Scottish Widows' £25m payout for critical illness
Scottish Widows has announced that it has paid out over £25 million on 774 critical illness policies for the twelve months up to October 2006, but warns that 16 per cent of claims were turned down. The most common claim is for cancer, which accounts for 61 per cent of claims, followed by heart disease and strokes.However of the claims that failed, 53 per cent were refused because people had not disclosed information when they took the policy out and 43 per cent of people were denied a payout as the claim did not meet the policy definition.Richard Jones, interim protection market director at Scottish Widows, said: "Through its work with the Association of British Insurers and the Critical Illness Working Party, Scottish Widows has been working to address the issue of declined claims."To reduce non-disclosure, application forms have been improved to make them clearer for our customers. To reduce the incidence of a claim not meeting the policy definition, the industry has made real headway in improving the clarity of illness definitions - thus ensuring it is clearer to consumers about what is, and isn't, covered."Although the benefits, ie fewer declined claims, won't be seen for a couple of years, these measures all go towards making each step of the process - from application to claim - clearer for consumers."
FTSE 100 companies see pension deficits increase
In another blow for the UK pensions sector it has been revealed that the cumulative deficit of FTSE 100 company pension schemes has increased from £41 billion in August 2008 to a massive £96 billion today. This is by far and away the largest cumulative pension deficit ever seen in the history of the UK pension industry and is starting to cause significant concern in corporate circles.
Cash in Hand Payments ‘Morally Wrong’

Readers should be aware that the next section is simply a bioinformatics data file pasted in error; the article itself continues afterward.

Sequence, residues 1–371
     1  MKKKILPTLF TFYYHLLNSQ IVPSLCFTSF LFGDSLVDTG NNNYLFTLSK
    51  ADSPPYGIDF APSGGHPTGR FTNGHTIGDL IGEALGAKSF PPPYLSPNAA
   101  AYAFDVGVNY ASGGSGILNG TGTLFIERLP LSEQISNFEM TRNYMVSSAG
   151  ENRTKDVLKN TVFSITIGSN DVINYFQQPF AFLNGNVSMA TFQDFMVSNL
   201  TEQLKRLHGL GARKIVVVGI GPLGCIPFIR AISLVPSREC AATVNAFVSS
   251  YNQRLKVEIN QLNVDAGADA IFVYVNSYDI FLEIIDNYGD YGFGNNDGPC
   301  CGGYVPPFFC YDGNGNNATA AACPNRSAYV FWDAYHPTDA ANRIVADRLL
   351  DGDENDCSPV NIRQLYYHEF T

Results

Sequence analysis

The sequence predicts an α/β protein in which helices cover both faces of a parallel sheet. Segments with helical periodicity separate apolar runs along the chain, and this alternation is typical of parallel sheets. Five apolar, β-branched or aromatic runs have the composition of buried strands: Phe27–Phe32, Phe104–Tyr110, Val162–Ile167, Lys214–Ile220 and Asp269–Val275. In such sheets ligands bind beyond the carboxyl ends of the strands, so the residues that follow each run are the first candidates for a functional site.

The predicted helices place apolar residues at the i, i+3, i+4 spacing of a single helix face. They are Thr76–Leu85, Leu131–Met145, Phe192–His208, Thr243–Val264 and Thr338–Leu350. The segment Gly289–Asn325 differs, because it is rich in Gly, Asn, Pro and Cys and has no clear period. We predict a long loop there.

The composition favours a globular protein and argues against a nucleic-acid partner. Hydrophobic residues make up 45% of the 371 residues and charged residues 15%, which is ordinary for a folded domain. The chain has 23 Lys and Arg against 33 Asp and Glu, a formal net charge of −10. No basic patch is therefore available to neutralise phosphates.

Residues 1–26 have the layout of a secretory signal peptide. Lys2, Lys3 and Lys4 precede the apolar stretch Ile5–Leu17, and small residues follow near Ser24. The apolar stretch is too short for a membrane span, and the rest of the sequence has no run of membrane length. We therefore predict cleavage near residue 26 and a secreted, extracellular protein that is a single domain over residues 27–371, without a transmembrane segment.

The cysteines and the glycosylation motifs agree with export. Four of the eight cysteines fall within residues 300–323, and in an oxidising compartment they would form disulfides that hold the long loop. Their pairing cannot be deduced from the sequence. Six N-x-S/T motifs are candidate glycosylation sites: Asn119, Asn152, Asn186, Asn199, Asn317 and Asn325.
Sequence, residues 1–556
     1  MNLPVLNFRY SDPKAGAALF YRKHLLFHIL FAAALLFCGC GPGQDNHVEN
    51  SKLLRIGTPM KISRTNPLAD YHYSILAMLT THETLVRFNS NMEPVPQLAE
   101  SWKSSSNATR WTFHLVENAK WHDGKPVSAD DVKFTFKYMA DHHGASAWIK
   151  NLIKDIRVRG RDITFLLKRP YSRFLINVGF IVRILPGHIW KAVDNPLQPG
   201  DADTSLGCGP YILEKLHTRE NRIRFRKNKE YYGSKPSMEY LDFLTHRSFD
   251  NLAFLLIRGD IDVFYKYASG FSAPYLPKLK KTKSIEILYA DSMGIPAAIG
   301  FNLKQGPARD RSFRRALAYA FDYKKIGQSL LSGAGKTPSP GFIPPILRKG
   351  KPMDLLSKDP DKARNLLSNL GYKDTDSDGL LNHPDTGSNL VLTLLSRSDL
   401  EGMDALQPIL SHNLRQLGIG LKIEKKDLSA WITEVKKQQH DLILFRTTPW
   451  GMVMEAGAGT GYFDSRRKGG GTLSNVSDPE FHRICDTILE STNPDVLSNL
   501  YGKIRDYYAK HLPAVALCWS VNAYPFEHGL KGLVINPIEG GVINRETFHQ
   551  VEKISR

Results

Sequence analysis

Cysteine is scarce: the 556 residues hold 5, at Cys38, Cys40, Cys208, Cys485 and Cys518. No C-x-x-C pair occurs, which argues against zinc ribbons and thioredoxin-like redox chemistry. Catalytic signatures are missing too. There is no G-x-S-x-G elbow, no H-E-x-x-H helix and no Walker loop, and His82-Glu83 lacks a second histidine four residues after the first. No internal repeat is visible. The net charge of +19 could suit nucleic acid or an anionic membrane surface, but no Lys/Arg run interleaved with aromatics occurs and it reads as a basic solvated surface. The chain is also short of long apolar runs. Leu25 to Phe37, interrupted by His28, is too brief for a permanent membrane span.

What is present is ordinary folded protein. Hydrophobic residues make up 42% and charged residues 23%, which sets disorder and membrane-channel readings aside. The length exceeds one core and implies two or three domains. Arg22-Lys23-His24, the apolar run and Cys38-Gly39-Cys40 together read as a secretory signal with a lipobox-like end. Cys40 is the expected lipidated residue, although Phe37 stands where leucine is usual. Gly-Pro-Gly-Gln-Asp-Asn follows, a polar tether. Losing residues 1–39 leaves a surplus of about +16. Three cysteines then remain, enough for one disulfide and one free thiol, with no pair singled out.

Cash in hand payments to tradesmen and other services throughout the UK has been branded as ‘morally wrong’ by Treasury Minister, David Gauke. The minister warned that this is damaging the economy and assisting tax-evaders, whilst leaving others to foot the bill. It is thought that cash in hand payments costs Britain billions of pounds a year in lost tax revenue, while others had to pay mor...Read More
Minimum wage to increase above the rate of inflation
14/03/2014 The government has announced that the national minimum wage will increase by 3% to £6.50 an hour. It is the first time that the national minimum wage has increased at a higher rate than inflation in six years, and it expected that it will directly benefit one million workers in the UK. Additionally, minimum wage workers under the age of 21 will also benefit from similar pay ri...Read More
Crooks target online tax system
The HMRC has today revealed a new strategy which criminal gangs are using to arrange for tax rebates to be paid to themselves. While no figures were given with regards to the number of attempted frauds and amount of money actually paid out, it must be significant to prompt HM Revenue and Customs to issue such a warning about the system. So what exactly is going on?
The issue relates...
Homeowners can reduce home insurance premiums, says ABI
There are plenty of proactive steps homeowners can take to cut their home insurance premium, according to Jonathan French, assistant director of media relations at the Association of British Insurers (ABI).ABI figures show that the UK insurance industry paid out £64 million per day in 2006 in general insurance claims, including £9 million to householders for property damage or the loss of posses...Read More